Two-Spotted Spider Mite, Gardener’s Worse Pest

Spider Mite
Spider Mite | Source

The two-spotted spider mite (Tetranychus urticae), though small, these creatures can lay havoc on any field, garden or greenhouse. Why? If conditions are right for the mite either inside or out, they can reproduce very quickly and cause a lot of damage. I will go into its description, the plant symptoms of spider mite infestation, along with methods to control the mite.

Before I begin, I would like to share a true story that illustrates the fear that a two-spotted spider mite can have on someone in a greenhouse setting.

A man, seeing the culprit that was killing his plants, scraped the small moving specks into the bag and sealed it. He got into his car and headed for the nearest nursery/ garden center. One of the individual’s who cared for the plants, looked at the bag of bugs. "These are two-spotted spider mites; get them out of our nursery." The man was stunned by the command, but took his bugs in hand and left. He had a name, and he knew he had something that the nursery did not like, he just had to figure out how to fix it. You will learn, as he did, why the two-spotted spider mite is not a pest that any gardener or farmer would want.


Life Cycle of the Two-spotted Spider Mite

To describe the two-spotted spider mite, it is best to see the whole life cycle and the metamorphosis of the mite. Let us begin with the female, which is the only mite to survive and go dormant in the winter. When spring arrives, the female mites will become active.


Life Cycle of the Spider Mite

1. Egg - the eggs are spherical and translucent with a diameter of about 0.1 mm. They are usually laid under the underside of leaves among extensive webbing created by the adult female. As the egg ages, it will turn a pale yellow or green color and the red eyespots of the young larva will become visible before hatching.

2. Nymphs - This is the young stage. The color at this stage depends upon their host plant. Normally it is pale yellow, pale green or straw colored with two green spots.

In the first nymphal stage (larva), it is six-legged. The later stages, which include the protonymph and deutonymph stages, it will become eight-legged.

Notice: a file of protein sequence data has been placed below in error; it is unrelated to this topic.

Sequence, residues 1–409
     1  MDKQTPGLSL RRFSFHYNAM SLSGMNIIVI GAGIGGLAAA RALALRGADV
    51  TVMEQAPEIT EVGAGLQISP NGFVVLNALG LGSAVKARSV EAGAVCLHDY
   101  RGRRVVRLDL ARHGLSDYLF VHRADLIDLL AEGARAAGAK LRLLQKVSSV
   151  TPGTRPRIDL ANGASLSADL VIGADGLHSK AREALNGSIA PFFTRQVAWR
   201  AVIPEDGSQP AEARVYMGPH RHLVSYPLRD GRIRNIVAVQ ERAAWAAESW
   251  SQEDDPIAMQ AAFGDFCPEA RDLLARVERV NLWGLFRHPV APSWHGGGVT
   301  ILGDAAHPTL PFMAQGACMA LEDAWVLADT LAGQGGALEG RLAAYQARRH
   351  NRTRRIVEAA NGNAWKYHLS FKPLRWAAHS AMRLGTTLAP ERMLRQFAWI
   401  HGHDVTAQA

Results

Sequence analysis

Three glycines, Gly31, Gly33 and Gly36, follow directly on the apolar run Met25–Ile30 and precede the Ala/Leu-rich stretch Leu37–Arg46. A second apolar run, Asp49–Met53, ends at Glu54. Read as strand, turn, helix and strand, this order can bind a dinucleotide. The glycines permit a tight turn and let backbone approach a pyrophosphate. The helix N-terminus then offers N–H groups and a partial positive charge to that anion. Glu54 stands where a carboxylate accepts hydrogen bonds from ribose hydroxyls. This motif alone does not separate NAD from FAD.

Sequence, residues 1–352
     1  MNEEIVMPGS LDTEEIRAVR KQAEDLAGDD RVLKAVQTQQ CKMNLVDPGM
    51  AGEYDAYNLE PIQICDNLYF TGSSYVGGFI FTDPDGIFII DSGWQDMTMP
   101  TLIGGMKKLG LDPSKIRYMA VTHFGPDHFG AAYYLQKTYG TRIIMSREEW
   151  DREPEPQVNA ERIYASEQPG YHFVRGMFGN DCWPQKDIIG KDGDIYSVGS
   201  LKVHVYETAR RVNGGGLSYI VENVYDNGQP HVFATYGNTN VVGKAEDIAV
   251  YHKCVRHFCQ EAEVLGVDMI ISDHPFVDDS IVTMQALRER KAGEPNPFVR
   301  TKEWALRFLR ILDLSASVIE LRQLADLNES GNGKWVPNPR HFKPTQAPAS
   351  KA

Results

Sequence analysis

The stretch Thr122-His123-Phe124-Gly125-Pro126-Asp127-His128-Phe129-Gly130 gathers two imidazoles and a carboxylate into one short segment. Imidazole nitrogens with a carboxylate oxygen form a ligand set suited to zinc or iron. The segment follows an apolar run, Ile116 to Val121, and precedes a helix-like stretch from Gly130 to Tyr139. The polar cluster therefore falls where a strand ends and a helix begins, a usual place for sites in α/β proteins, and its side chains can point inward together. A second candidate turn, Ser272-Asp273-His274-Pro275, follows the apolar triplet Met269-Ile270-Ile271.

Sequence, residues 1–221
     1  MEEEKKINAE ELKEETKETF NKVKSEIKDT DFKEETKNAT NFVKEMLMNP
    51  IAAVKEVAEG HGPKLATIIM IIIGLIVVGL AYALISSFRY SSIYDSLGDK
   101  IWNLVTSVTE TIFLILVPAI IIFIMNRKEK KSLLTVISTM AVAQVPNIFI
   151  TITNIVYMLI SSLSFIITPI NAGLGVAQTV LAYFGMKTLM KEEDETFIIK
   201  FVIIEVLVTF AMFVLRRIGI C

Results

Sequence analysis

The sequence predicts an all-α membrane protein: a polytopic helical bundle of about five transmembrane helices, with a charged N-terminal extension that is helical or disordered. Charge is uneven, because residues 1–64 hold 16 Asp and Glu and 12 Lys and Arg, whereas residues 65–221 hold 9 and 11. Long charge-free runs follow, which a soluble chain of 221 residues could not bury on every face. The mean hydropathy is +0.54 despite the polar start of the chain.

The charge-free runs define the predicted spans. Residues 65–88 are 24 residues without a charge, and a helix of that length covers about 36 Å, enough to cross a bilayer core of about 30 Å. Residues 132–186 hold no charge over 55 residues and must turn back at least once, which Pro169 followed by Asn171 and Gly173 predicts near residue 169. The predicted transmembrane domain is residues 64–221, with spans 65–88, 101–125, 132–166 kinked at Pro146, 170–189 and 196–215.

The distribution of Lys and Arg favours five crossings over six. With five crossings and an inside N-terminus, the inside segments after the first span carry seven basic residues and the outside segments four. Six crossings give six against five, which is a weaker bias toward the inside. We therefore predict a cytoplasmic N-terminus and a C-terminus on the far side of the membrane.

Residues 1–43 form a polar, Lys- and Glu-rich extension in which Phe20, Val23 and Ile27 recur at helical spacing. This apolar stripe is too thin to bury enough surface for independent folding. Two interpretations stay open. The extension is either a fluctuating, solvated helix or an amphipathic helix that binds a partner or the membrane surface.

3. Adult - at full maturity, the adult will be less than 1/60-inch-long, with eight-legs, and a color than can range from yellow, tan, or green. As they mature, they will grow two dark spots on each side of their shoulders.

As winter approaches, and temperatures gets cooler, reproduction will cease and all stages will die, except for the adult female. During winter, the adult female will become dormant, stop feeding, and begin to cluster with other females in straw mulch, dead leaves, crevices in soil, loose bark, or in plant debris. There they will remain until spring.


Do You Have Two-spotted Spider Mite Damage

The spider mite will begin feeding on the bottom of the plant, then slowly move to the top. They will cease their feeding only when the plant is dying or dead. Thus, it is important to be on the lookout for the signs early. Here are some of the indicators of spider mite damage:

1. Leaves dropping from plants prematurely

2. Small white pin spots on underside of leaves. These are eggs.

3. Small yellow or brown spots on the leaves. The mite is beginning to suck the cells of the plant leave.

4. Mites leave behind white webbing. You also might see webbing but no mites. Nevertheless, if there is anything left to be eaten of the plant, they will be back. The fine webbing is used to protect eggs and adults from natural predators and from the weather.

5. Leaf discoloration. As the colonies grow and feeding increases, leaves will turn gray-green, to yellow, to brown, then the leaves will drop off.

6. Make note of weather conditions. If it is dry and hot, spider mites will strive.

Note: The symptom of spider mite infestation looks similar to that of drought symptoms. Thus, it is wise not to assume, but instead, take the time to take a closer look at your plants. If you leave your plants at the mercy of the spider mite, the mite will win.